Wendy's question:  This seems a good opportunity to find out how our candidates for city council feel about sidewalks in our neighborhood. I know that I'm always especially anxious about our children and the absence of sidewalks on Halloween night. Many drivers flying down Garland Ave. seem to be completely unaware of the ghosts, goblins and witches roaming the neighborhood and blast right through. My home state of Illinois has just made it mandatory for cities to have a sidewalk on one side of each block. Sadly, the law was passed and named after a little girl who was killed while walking to school on a street with no sidewalks. 

From Tim:

I believe that traffic calming and sidewalks can save lives and prevent injuries and that sidewalks also play a role in social justice by treating disabled friends and neighbors equally with regard to their rights to access and enjoy our city.  That said, there are areas and streets where sidewalks or traffic calming are more important.  In other areas I think a data-driven process with resident input would show that new infrastructure is not a priority.

State Highways (Carroll, 410, New Hampshire, etc.) State highways and intersections are `failing' with regard to traffic in many parts of the City and Montgomery County.  City Council can and should be an advocate for new county/state funding and design improvements for these highways that make them safer and more effective at moving cars and protecting pedestrians.  Its not acceptable for our Council to say `its not our problem' and on Council I would make it a high priority to get the state to fix and improve sidewalks along these highways – they are some of the greatest public safety risks we face.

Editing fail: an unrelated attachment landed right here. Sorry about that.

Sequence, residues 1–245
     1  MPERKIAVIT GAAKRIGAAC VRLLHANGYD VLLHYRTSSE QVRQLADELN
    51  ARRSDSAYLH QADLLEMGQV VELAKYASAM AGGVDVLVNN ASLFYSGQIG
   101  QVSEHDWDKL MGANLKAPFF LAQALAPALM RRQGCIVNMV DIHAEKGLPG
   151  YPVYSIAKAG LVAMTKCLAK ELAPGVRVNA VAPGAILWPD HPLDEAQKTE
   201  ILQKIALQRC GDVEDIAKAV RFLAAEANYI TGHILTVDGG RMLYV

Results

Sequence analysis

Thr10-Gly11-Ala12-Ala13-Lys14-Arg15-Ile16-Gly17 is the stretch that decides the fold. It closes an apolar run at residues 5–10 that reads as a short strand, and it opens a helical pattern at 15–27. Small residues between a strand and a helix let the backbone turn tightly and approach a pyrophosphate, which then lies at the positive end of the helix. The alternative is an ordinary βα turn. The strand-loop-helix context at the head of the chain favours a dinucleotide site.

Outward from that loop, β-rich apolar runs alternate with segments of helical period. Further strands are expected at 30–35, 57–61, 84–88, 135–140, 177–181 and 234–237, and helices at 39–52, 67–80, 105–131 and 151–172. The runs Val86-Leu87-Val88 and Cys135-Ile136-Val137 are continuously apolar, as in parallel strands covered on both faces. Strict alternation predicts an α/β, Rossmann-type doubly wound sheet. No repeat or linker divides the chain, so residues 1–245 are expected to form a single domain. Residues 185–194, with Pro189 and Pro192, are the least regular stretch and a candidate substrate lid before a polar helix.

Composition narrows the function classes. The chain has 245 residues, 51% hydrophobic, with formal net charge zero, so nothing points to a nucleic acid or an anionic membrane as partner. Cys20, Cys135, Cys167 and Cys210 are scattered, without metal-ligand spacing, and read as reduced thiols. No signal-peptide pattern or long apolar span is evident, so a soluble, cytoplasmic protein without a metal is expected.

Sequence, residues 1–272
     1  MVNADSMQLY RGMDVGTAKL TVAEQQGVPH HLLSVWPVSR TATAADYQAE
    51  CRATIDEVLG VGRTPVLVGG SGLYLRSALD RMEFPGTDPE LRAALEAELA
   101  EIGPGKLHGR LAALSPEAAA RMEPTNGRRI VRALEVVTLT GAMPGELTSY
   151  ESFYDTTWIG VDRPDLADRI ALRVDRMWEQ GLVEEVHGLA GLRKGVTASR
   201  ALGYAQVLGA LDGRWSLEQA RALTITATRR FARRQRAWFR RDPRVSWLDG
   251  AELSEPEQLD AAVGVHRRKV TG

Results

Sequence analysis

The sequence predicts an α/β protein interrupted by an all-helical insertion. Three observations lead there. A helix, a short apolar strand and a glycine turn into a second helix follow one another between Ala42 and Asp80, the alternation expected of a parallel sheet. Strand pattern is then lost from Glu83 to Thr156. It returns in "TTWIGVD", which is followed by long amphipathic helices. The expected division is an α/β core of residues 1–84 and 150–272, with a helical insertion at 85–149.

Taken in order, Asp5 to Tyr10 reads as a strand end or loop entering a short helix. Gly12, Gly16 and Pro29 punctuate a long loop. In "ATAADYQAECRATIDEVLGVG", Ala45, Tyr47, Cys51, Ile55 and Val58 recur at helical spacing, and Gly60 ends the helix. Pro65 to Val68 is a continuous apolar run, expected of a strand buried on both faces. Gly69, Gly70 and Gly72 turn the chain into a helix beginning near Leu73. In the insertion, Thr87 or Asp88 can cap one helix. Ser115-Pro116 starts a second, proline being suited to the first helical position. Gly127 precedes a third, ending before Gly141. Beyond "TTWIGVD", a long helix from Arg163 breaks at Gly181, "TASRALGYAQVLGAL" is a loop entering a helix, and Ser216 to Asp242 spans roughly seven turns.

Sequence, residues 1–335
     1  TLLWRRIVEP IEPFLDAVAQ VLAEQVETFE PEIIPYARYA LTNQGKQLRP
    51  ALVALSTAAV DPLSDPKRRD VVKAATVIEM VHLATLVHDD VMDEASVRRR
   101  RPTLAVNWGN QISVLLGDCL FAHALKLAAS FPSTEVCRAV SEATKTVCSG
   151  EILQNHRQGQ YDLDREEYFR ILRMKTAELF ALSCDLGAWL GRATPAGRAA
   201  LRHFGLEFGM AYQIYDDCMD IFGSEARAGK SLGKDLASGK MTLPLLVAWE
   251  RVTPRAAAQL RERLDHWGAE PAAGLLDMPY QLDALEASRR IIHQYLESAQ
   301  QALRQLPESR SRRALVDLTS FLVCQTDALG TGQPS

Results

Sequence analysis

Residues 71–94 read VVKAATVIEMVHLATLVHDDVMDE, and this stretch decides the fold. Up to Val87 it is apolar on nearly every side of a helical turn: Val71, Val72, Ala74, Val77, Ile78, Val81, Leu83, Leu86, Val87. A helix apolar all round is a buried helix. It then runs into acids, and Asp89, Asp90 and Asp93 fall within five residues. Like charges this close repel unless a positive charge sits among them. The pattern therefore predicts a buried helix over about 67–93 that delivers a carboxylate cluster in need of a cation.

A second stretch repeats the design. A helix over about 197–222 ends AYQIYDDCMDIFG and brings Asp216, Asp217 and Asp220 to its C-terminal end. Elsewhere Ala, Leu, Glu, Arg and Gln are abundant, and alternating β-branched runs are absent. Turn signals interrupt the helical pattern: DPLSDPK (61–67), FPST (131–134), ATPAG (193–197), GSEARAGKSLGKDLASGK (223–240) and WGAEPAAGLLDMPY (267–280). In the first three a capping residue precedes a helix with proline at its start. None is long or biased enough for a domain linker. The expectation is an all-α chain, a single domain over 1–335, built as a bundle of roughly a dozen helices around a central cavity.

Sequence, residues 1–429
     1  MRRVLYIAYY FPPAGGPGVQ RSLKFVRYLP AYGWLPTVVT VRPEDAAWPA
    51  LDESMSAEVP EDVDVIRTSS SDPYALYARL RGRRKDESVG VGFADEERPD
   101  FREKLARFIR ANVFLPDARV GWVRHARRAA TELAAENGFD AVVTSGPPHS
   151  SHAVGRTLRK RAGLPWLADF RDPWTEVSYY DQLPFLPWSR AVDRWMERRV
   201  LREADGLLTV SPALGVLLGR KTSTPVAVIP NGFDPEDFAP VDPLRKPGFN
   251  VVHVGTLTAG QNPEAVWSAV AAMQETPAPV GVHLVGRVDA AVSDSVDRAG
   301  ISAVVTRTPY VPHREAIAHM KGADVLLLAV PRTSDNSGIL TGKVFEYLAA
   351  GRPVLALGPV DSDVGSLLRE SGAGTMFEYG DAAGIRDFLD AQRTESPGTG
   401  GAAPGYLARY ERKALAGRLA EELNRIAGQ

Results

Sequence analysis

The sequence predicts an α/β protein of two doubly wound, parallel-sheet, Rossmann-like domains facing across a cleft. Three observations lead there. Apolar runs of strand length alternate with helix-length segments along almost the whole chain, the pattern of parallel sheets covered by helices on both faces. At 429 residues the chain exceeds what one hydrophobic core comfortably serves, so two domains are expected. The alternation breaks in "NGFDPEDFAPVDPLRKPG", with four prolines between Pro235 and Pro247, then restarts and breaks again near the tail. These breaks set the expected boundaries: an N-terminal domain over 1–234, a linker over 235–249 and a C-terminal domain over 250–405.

Traffic Calming  We already bear a cost from our failing state highways and I don't believe we should be adding to those costs by making it easy for `cut through' traffic to use neighborhood streets rather than highways.  Instead, we should be working on solutions that make slight to significant reductions in cut through traffic on a neighborhood scale – we should never be taking cut through traffic from one residential street and sending it down another.  Rather, there are smart ways to use `raised bed' intersections, 4-way stops, narrowed intersections and roundabouts to create reductions in cut through that benefit whole neighborhoods.  Some of my earliest work on City Committees (2003) was on these issues and you can read more ideas from that Committee's report here .  (Report and Committee were chaired by Andy Kelemen).  These measures can make us safer and reduce the quality of life impacts of neighborhood traffic by reducing traffic volume and speed.

Sidewalks        A 2008 study of Takoma Park found that 70 percent of our roads already have sidewalks on one side but 50% of those are inaccessible to people in wheelchairs and are difficult to access by those without a disability.  Fixing this existing infrastructure should be a first priority with Speed Camera and other sidewalk dollars.  The City is already making significant progress in this area.